While they were thus pleasantly voyaging over
unknown seas, and had possibly just rounded Cape
Horn, a shout from Kate of "Pater ahoy!" roused
the whole crew. Jumping over the bulwarks they
ran to meet him, for he had not walked so far as the
field before.
The vessel was explained in every detail by Tomakin.
The pulley was worked, and a cargo of stones unloaded
from the vessel and delivered to Pater, who was stand-

The Golden Jujube

ing in the middle of the Pacific Ocean, charmed with
all he saw.
"Where are you off to ?" he asked.
All round South America," said Molly.
"Can I come ?" asked Pater.
"Rather !" shouted the children.
Kate ran off and got a deck chair, which filled up
three-quarters of the vessel. Then with Molly to assist
him, Pater walked solemnly up a six inch gangway into
the ship and sat down.
I think I'd better steer now," said Tomakin, who
felt the importance of having Pater on board.
"All right," said Molly, putting her legs overboard
and settling herself into the only spare place, while
Kate climbed up to the cross-trees again.
Rhys was still standing in the ocean with his hands
in his pockets. There was really no room for him on
board. Tomakin looked troubled.
Look here, Rhys," he said, "you sit on that plank,
and we will tow you behind like a small boat."
Rhys did as he was told. It was not at all com-
fortable, as the plank was small and not flat, and
Tomakin would make him take his feet out of the sea.
However, a string was made fast to the plank, and with
much shouting, thrown on to the deck of the vessel,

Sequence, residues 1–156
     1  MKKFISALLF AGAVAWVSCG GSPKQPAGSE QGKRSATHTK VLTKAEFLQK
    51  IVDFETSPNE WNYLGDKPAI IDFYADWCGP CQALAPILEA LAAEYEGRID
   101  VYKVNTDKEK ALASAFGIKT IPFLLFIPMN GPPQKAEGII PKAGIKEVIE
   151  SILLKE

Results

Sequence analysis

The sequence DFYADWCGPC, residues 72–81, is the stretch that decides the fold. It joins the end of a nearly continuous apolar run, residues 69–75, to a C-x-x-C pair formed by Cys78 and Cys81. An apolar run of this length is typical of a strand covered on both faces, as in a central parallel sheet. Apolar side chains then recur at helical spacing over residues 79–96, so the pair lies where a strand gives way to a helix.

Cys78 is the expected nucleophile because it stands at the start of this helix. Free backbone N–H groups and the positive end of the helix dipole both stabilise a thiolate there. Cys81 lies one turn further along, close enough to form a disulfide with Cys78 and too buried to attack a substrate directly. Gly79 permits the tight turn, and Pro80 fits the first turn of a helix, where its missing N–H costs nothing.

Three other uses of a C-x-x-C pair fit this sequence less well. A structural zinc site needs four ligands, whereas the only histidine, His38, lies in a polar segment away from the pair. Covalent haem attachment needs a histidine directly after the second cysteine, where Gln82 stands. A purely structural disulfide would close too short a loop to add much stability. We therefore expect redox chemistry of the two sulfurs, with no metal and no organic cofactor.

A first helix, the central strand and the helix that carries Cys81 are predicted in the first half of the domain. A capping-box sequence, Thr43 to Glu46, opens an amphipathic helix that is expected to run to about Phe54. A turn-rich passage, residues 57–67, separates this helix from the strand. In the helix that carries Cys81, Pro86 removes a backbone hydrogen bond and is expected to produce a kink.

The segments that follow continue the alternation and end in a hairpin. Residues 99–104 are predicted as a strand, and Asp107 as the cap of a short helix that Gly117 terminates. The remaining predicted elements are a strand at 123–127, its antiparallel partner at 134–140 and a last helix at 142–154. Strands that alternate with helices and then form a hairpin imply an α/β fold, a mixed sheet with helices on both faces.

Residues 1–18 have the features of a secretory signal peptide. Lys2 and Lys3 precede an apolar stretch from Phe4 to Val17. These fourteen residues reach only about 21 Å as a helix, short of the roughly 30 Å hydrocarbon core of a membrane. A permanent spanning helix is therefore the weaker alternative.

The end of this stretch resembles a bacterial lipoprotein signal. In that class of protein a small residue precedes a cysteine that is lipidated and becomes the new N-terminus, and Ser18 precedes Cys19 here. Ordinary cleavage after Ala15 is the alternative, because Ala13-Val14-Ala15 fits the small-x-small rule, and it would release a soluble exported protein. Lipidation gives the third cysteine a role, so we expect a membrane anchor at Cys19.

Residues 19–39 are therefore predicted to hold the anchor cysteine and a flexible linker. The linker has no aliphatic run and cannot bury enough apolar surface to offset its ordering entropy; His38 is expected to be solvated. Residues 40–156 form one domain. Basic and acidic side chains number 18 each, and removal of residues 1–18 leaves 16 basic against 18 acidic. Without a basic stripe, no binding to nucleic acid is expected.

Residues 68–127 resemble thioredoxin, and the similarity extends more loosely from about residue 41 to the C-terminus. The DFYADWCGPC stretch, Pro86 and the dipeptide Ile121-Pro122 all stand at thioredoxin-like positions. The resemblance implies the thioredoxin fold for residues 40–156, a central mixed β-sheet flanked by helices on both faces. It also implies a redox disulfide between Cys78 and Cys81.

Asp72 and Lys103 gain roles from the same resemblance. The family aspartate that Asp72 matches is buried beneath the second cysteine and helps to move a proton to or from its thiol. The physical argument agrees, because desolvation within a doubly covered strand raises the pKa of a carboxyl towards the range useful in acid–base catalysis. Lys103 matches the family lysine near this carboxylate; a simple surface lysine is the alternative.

hauled on and made fast, and the voyage was at length
It strikes me," said Pater, when all was quietly
arranged, "that this is the sort of vessel in which to go
in search of the Golden Jujube."
"What is that ?" asked Kate.

The Golden Jujube

"I believe it's a story," chuckled Molly.
"The Golden Jujube," continued Pater, without
heeding them, "can only be obtained by a small boy
who is really as good as his Mother thinks he is."
Tomakin looked thoughtful. Molly chuckled again.
"There isn't one," she said.
"There might be," continued Pater, "one never
knows. You have not only to find the right sort of
boy, but he has to climb to the top of a glass
mountain, without ever looking backwards, and bring
it down in his right hand without tasting it."
"Who put it up there ? asked Kate.
"It was not exactly put up," explained Pater.
"Who made the rule about not looking back ?"
asked Kate.
"It's all in the story," said Pater.
I knew it was a story !" said Molly, thumping the
bulwarks with her fist. Let's have it."
And without more ado Pater began the story of
Silvertongue the Sweetmaker.
And in order that he might lose nothing of it,
Tomakin shipped his tiller, furled his main-sail, and
went to sit on Pater's knee, while Rhys and the two
little girls gathered round as near as might be.
Now, many of you who learn the old Rombolian